Friday, 6 September 2013

BBC - Major retailer humiliates graduate in group dance at interview

A while ago I posted about interviewers asking stupid "Blind Date" style questions at interviews (along the "if you were a ...blank... what would it be and why" theme), now the latest extreme technique is this story about a group dance at an interview for a major retailer.

A campaign group spokeswoman commented on the "more innovative ways to interview people when there's more competition and people are having to jump through more and more hoops to get a job", but thought this was "outrageous". Companies class these as "team building exercises", people with Asperger's often get criticised for not being "team players", now I don't think it is that they can't work in teams, but certainly find this type of exercise difficult.

Thursday, 20 June 2013

BBC - Work Programme not doing enough for sick and disabled

This article is about providers of the Work Programme calling for other public sector to be redirected to the programme. A few of the comments were already highlighting what I've often said throughout this blog there is such a lot of need for the re-education of employers, as uniformly sending the jobseekers for ever more 'coaching' does not address that the employer can cherry pick. I even posted for the first time here. I know I don't post so much in this blog now I have that job, but still follow the subject of un/employment of disabled people as I'm mindful of how long it took to find work before that lucky moment in the right place at the right time.

Wednesday, 1 May 2013

"Mumbo-jumbo" personality tests

Found this on the BBC news. An opposition politican has criticised government ministers getting jobseekers to waste time on "mumbo-jumbo" personality tests when they should be looking for work, while the Department for Work and Pensions said the questionnaire was designed to highlight things that people were good at, and reaction to it had been positive. People would be asked which of five answers - "very much like me", "like me", "neutral", "unlike me" or "very much unlike me" - best describes their view of themselves in response to a variety of different of statements.

Took me back to the "Flexible Routeway" I'd been on in 2008-09 when I'd had one, which had been on the BBC website, where I'd been described as a "Realist", one of 16 possible types, determined by 4 sub-types:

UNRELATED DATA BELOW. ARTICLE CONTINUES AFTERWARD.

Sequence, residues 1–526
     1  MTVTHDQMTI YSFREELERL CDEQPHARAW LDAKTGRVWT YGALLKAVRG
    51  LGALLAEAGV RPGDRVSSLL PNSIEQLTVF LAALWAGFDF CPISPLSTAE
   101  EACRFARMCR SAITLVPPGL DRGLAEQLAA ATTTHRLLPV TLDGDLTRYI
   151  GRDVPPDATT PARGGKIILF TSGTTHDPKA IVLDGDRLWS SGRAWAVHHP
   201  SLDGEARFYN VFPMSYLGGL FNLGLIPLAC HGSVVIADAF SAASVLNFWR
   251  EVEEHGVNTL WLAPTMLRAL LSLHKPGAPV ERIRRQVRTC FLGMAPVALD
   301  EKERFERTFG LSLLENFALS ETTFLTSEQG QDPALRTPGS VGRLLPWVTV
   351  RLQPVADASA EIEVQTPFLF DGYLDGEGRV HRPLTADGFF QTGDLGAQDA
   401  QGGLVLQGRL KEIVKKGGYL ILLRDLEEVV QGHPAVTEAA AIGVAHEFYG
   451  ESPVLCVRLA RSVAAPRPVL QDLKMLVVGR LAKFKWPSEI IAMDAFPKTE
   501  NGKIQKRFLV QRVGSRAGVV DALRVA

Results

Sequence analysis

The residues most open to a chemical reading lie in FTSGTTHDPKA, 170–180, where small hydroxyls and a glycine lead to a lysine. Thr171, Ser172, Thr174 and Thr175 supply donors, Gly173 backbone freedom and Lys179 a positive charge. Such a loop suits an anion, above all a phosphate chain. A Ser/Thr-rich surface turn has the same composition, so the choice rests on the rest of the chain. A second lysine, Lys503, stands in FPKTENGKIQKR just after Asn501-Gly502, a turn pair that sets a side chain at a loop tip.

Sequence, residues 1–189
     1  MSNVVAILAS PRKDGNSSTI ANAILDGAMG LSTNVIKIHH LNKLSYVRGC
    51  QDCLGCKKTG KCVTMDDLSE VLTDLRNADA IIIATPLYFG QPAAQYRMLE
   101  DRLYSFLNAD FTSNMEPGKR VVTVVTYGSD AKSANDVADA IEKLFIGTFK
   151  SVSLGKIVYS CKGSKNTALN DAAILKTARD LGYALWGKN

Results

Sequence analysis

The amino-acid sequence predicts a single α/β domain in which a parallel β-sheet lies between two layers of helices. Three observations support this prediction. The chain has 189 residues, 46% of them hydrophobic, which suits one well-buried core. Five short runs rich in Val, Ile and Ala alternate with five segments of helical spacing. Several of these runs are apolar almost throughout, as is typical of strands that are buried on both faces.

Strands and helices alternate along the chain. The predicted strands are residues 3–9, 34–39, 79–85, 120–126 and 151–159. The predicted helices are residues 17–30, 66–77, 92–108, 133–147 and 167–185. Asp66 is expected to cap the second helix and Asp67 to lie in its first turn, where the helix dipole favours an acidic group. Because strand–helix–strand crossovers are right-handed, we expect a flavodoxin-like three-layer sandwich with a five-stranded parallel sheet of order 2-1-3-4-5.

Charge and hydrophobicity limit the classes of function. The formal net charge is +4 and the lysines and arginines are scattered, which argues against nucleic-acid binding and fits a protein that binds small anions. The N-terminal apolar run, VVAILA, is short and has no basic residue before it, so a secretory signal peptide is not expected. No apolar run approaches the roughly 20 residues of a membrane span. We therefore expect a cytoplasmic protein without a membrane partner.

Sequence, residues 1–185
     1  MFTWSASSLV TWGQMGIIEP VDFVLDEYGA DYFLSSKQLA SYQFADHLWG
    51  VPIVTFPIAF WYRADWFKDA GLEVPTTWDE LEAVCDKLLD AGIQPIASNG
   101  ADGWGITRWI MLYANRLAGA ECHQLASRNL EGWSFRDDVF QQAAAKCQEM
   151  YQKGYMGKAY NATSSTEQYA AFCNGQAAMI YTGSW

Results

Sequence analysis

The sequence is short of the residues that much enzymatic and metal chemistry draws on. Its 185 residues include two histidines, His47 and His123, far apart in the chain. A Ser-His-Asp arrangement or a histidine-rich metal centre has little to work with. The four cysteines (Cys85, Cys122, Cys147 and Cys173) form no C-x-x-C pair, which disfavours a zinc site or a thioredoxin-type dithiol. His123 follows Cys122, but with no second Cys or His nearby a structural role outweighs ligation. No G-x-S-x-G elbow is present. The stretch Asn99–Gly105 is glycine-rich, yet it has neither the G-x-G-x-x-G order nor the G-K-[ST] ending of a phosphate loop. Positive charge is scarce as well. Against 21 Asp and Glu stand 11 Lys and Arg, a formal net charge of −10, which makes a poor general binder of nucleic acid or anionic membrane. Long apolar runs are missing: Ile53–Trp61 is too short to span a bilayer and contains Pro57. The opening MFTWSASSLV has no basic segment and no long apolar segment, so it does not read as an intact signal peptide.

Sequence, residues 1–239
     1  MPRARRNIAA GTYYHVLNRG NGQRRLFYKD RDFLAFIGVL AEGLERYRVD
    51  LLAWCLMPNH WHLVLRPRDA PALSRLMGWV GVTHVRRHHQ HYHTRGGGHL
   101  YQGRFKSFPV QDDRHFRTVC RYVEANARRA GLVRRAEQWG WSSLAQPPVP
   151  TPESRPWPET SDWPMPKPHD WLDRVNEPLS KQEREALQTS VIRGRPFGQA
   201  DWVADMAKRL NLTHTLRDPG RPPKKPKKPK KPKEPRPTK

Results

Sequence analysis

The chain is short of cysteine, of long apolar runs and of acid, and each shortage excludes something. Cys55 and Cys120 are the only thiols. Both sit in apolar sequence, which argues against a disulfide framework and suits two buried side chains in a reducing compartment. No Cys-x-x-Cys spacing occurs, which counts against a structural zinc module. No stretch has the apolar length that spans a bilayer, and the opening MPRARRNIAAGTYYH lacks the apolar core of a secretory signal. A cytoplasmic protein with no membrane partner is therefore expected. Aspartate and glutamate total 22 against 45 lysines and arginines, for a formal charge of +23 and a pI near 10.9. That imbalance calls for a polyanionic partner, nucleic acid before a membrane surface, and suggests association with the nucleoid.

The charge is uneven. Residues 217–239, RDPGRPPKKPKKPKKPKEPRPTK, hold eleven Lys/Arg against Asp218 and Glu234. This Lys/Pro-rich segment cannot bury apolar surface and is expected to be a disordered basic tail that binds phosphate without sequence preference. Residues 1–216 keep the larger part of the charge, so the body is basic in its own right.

Planner / Spontaneous - where I'd been a planner as expected
Facts / Ideas - Again I expected to come out as Facts
Heads / Hearts - logical or emotional thinking, again I was the former
Introvert / Extrovert - unsurprisingly introvert.
That was actually an interesting exercise, the point being to use the "buzzwords" out of the report, such as "logical thinking" in job letters.

Tuesday, 5 February 2013

'Pushing jobless into self-employment'

This BBC article covers people on the government's welfare-to-work scheme being inappropriately pushed towards self-employment, which is not something that would suit everyone. Clients of six different Work Programme providers said that they were encouraged to pretend to be working for themselves or set up businesses they did not consider viable and invent their 16 hours a week to get tax credit, so the programme providers got their payments "by results" for getting the clients off Jobseekers.

From a personal point of view self-employment would not be for me. I often had well meaning friends ask if I'd considered it, admittedly they had not known I had Aspergers when they said this. I'd said no, as I'd known that selling a product on a self-employed basis is similarly difficult to selling oneself in a conventional job interview, not to mention the dealings with bank managers, solicitors and auditors. There was an interesting topic on an Aspergers forum, where a social enterprise set-up was being founded with the principle that it would be a business network made up of ASpies who make and produce the goods, and non-ASpies who market, sell, and handle the customer-care side. The posters of this were parents setting their sons up, I think that idea could work in principle.